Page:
...I'm Sorry, What Was the Question?
Patient questionnaires provide valuable opportunities, but only when done right.
the Executive Editor, Jim Thomas
Here's something I've suspected for awhile: Some of my family's healthcare providers don't pay attention to the answers on lifestyle questionnaires.
Acting on my hunch, I took liberties with the questionnaires. Yes, I noted on the dental questionnaire that I wanted whiter teeth. I checked the "interested in wrinkle removal" box on my wife's questionnaire for her dermatologist. She reciprocated by flagging hair loss on one of my questionnaires.
The results? Nothing really. No practices ever discussed whiter teeth, wrinkles or baldness. (I'll use this as my excuse for never completing another form in the doctor's office.)
Both sides of the issue
From the healthcare perspective, I've heard two reasons for not using patient questionnaires. The most popular is that the practice makes certain assumptions about the patient's ability or willingness to pay and doesn't follow up. The other, several staffs have told me, is that after the patient completes the form, there's not enough time to review it thoroughly before the patient's exam.
Now let's examine the patient's perspective. There's usually anxiety associated with an office visit. Is this the best time to ask the patient to fill out a questionnaire? Taking it a step further, is this the best time to ask patients to fill out a questionnaire and then not discuss the answers?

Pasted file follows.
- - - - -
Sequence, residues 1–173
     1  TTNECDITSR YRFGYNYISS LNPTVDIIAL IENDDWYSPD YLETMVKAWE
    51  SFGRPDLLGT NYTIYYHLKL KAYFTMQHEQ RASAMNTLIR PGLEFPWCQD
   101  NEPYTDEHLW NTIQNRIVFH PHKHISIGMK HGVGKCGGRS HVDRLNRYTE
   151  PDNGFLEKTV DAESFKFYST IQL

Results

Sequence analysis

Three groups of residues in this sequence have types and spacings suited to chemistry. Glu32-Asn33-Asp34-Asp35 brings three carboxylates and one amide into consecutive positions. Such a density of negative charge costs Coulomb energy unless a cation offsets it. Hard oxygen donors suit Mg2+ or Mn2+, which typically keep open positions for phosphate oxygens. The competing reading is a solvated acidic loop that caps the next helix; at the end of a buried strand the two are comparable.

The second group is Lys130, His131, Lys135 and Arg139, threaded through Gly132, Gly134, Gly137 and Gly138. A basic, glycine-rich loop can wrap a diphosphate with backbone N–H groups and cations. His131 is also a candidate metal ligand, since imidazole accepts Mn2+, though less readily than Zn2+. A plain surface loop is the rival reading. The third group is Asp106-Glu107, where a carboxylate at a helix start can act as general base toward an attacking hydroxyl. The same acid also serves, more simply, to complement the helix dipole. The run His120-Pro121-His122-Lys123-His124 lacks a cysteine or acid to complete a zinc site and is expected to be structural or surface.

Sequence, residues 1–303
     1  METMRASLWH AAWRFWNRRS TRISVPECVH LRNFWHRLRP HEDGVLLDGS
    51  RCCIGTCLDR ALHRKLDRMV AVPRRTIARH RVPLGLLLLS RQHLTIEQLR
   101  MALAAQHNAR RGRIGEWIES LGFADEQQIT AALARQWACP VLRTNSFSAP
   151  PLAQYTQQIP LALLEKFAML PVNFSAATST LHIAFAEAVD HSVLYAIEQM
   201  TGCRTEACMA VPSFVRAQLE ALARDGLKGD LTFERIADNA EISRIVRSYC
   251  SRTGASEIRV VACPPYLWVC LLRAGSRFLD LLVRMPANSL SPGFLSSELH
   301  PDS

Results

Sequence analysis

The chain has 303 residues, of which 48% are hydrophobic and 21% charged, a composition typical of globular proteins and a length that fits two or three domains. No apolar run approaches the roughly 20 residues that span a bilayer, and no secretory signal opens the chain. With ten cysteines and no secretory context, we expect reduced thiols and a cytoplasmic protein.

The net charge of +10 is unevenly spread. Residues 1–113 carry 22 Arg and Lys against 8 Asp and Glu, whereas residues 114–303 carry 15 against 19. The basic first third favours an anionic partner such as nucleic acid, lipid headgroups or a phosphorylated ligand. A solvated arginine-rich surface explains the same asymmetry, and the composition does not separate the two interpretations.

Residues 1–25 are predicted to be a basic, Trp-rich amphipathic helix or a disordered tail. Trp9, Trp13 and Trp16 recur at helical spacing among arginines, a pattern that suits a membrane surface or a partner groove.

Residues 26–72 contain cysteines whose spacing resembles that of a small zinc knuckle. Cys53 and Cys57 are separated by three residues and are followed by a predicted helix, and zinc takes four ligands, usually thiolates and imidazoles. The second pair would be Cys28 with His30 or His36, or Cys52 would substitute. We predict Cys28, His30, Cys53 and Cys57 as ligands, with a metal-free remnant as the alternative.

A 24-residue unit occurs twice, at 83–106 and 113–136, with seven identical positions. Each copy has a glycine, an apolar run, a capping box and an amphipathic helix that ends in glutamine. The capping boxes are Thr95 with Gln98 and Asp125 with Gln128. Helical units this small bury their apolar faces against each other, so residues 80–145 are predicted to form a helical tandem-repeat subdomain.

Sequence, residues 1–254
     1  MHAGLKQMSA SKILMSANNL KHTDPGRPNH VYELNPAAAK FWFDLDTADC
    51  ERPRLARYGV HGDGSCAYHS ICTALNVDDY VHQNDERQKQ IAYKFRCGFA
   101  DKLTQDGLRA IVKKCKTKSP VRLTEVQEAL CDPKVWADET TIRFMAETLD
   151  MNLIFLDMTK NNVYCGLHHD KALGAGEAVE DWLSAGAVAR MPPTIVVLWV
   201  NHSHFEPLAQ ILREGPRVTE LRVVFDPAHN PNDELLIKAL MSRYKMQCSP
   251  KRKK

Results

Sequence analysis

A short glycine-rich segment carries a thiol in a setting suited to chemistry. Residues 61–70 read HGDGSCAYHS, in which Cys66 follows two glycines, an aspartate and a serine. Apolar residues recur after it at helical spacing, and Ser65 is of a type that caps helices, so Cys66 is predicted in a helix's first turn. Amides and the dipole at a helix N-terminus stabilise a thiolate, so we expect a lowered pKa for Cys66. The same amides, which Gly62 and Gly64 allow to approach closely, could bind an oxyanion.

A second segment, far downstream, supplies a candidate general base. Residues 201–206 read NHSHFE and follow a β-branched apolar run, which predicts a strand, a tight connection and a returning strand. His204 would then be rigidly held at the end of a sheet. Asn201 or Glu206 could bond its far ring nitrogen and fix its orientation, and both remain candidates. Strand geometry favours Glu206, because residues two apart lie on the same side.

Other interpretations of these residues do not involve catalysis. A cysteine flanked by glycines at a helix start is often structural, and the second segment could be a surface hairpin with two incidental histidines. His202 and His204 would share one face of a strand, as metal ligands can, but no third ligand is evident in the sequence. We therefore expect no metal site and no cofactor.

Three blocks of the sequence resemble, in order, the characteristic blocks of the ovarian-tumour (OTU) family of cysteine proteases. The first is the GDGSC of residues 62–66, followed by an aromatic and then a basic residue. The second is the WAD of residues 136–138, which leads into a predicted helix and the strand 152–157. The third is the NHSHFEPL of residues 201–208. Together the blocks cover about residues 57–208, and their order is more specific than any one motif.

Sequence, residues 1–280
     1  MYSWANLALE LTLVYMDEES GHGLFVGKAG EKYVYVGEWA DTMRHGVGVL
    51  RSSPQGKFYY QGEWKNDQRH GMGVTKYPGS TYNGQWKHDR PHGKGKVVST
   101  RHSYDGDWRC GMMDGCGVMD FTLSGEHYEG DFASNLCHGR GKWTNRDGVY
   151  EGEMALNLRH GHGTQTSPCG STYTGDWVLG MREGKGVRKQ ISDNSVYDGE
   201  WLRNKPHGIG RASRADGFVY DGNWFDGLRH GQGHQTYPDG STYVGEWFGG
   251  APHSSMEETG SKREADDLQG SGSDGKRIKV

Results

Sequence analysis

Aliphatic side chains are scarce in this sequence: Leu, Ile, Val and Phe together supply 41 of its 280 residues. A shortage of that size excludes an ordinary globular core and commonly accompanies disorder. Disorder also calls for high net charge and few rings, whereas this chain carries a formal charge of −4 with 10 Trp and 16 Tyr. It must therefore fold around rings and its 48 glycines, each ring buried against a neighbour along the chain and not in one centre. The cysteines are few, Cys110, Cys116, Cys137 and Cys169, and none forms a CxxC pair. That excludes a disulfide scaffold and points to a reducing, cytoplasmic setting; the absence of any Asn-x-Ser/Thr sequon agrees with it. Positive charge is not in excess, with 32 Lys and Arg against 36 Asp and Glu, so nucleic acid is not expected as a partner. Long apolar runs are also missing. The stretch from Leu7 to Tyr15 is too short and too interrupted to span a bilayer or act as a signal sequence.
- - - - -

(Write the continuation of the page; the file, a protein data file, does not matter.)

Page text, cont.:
Consider the alternatives
Several practices have told me that they've done away with lifestyle questionnaires in favor of having the staff ask questions. When done with concern and not as a formality, the discussion builds staff-patient rapport and helps the patient to relax. (With this approach, there's no substitute for a well-trained, outgoing staff.)
Other practices allow the patient to fill out the questionnaires at the patient's convenience. They provide the patient with an e-mail address, Web site or self-addressed stamped envelop for an easy return.
Still others have opted for computerized questionnaires that encourage patients to select topics of interest and then view interactive video programs. The growing number of computer-savvy patients feel comfortable with this option, claim its proponents.
Whichever approach you choose, it must encourage patients to share information comfortably. And what should you do with the results? Successful practices say that the questionnaires are the starting point of a cycle that ends when the doctor delivers a combination of solutions that improves the patient's sight, health and loyalty to the practice.
Optometric Management, Issue: March 2005